The Fifth Circuit Court of Appeals recently affirmed summary judgment on a Fair Debt Collection Practices Act claim in favor of a debtor, finding that the debt collector violated the FDCPA when it failed to mark the debtor’s account as “disputed” when the collector reported the account to the bureaus.

Plaintiff Robert Sayles sued Advanced Recovery Systems (“ARS”) after he received a credit report that reported the debt.  After receiving the credit report, Sayles disputed the debt with ARS in a written letter.  Sayles then requested another credit report and saw that ARS had updated the information it was reporting, but did not indicate that the debt had been disputed.

Sayles claimed that ARS’s conduct violated § 1692e(8) of the FDCPA, which prohibits a debt collector from “communicating or threatening to communicate to any person credit information which is known or which should be known to be false, including the failure to communicate that a disputed debt is disputed.”  During summary judgment briefing, ARS conceded it had not marked the account as disputed after receiving Sayles’s dispute because ARS believed Sayles had not complied with the requirements of § 1692g which requires consumers to dispute debts in writing within thirty days of receiving notice from a creditor.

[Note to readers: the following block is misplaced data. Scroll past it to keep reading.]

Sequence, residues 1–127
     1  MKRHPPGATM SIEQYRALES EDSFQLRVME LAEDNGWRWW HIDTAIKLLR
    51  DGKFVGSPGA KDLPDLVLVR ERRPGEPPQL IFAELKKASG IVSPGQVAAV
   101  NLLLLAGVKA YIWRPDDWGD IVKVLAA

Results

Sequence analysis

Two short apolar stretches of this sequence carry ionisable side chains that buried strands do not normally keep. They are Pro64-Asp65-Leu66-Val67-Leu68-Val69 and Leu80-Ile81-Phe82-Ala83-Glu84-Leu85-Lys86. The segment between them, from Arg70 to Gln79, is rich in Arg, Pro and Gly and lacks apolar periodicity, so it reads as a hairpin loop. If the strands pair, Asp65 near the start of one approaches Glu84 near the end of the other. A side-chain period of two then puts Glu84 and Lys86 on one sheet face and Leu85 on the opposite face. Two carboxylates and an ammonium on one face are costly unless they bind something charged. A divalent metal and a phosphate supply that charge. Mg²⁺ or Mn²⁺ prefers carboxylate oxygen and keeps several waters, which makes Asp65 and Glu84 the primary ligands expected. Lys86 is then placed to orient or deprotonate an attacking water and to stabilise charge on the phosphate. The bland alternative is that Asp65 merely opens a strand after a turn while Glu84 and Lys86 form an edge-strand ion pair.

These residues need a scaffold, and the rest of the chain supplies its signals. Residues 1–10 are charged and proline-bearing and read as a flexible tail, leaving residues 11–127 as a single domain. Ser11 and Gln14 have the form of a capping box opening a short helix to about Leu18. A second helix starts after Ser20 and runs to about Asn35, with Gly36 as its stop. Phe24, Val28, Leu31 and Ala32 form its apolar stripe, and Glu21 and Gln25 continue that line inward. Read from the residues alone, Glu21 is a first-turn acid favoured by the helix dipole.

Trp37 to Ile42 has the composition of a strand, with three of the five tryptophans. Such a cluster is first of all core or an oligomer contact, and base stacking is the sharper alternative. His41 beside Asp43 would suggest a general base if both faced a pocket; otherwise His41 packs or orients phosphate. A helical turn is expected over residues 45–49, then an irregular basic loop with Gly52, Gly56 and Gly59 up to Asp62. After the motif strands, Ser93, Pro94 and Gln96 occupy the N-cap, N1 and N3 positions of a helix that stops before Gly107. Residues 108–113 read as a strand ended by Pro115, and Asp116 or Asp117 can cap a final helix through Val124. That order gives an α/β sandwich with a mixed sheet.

In its decision, the Court agreed with Sayles, finding that the requirements of § 1692g do not control a debt collector’s obligation to report debts as disputed when the debt collector knows or should know the debt is disputed.  In other words, if a debt is disputed after the 30-day validation period, a debt collector is still required to report the debt as disputed “regardless of how or when that knowledge is acquired.”

In affirming summary judgment, the Fifth Circuit also rejected ARS’s  argument, based on the U.S. Supreme Court’s 2016 decision in Spokeo v. Robins, that Sayles lacked standing because he had not been harmed, finding that the alleged violation provided sufficient standing where it posed “a real risk of financial harm caused by an inaccurate credit rating.”